As more and more Americans lose their jobs, the US government is following a path of policy decisions similar to those of FDR. As I wrote last fall, the government will attempt any and all possible actions to arrest the slide in the economy. Some will be perfectly legal, some will be ruled illegal later on just like the National Recovery Administration . This experiment in cartelization began in April 1933 and was ruled unconstitutional by the US Supreme Court in May of 1935.
Under theFreedom of Information Act
, Judicial Watch (JW) has obtained copies of the minutes of the October 13th meeting between US Treasury Secretary Hank Paulson, NY Federal Reserve President Tim Geithner, and FDIC head Sheila Bair with the major banks. According to JW, the Treasury Department meeting..."coerced major banks to allow the government to take $250 billion equity stakes. Among the other news, the documents confirm former Treasury Secretary Hank Paulson told the CEOs of nine major banks that they had no choice but to allow the government to take equity stakes in their institutions......"if a capital infusion is not appealing, you should be aware your regulator will require it in any circumstance."
In this vein, we're getting rumblings from the Obama administration to overhaul pay practices at financial companies. On the surface, no American voter would be against regulating pay that was tied to excessive risk taking that now has to be paid for by the same voter. However, the reach and direction this goes in is what is disturbing. The WSJ reports that the White House has begun serious talks on how it can change compensation practices across the financial-services industry, including at companies that did not receive federal bailout money. "Among ideas being discussed are Fed rules that would curb banks' ability to pay employees in a way that would threaten the "safety and soundness" of the bank -- such as paying loan officers for the volume of business they do, not the quality." No word yet on just exactly how that would be determined.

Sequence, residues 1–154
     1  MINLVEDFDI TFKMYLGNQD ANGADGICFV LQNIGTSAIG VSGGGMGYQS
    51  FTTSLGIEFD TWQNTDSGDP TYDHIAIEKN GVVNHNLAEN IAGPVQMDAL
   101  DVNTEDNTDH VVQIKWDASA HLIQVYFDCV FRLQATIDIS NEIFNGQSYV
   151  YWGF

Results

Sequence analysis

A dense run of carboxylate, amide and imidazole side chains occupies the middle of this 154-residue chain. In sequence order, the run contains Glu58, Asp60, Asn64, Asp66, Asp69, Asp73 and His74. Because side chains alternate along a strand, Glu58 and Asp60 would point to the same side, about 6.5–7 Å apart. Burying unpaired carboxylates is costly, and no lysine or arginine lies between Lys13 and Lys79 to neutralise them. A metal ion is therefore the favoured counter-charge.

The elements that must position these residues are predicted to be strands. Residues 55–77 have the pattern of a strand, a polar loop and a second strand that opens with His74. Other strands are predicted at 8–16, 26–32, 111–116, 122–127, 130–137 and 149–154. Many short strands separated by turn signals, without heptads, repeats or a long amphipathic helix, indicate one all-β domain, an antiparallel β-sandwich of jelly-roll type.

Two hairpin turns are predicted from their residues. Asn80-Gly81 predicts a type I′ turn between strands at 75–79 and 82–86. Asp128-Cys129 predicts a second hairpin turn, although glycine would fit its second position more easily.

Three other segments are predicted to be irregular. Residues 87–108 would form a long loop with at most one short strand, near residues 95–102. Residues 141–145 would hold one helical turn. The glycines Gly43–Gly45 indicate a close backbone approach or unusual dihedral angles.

Lastly, Federal officials, including US Treasury Secretary Tim Geithner , said late yesterday said that they intend to regulate the giant market for derivatives. The plan is to force many standard over-the-counter contracts to go through clearinghouses that will guarantee trades and help cushion the impact from a collapse of a large financial institution. Clearly, regulators are targeting credit default swaps which was the weapon of choice that killed AIG. The repeal of Glass-Steagall contributed to creating an environment of risk taking by banks that lead to excessive pay and the use of arcane products like CDS.
Unfortunately, there are many more derivative products other than CDS like vanilla swaps and foreign exchange. The concern is that by forcing as many products as possible on to exchanges, the banks will lose their ability to provide tailored services to clients and to earn income from these services. This income, in turn, allows banks to lend to corporations to generate growth.
Not all aspects of what the government is attempting to do are wrong. But from the Paulson coercion experience, we can see the potential problems that may arise as Congress and the White House attempt to gain control over the financial services industry. My belief is that this sector will become much more like a utility such as electricity or nuclear power with heavy, heavy regulation. Typically when you regulate an industry, the prices are also regulated (think credit cards) and the amount supplied is reduced. These actions won't be just limited to the financial industry as the auto industry and newspaper industries are asking for help and possibly regulations as well.
Taking this back to the Great Depression, it wasn't until after WWII when prices for labor and goods were allowed to be set by the market that the US economy returned to growth. Ultimately should these actions go too far, they will elongate the recession rather than end it.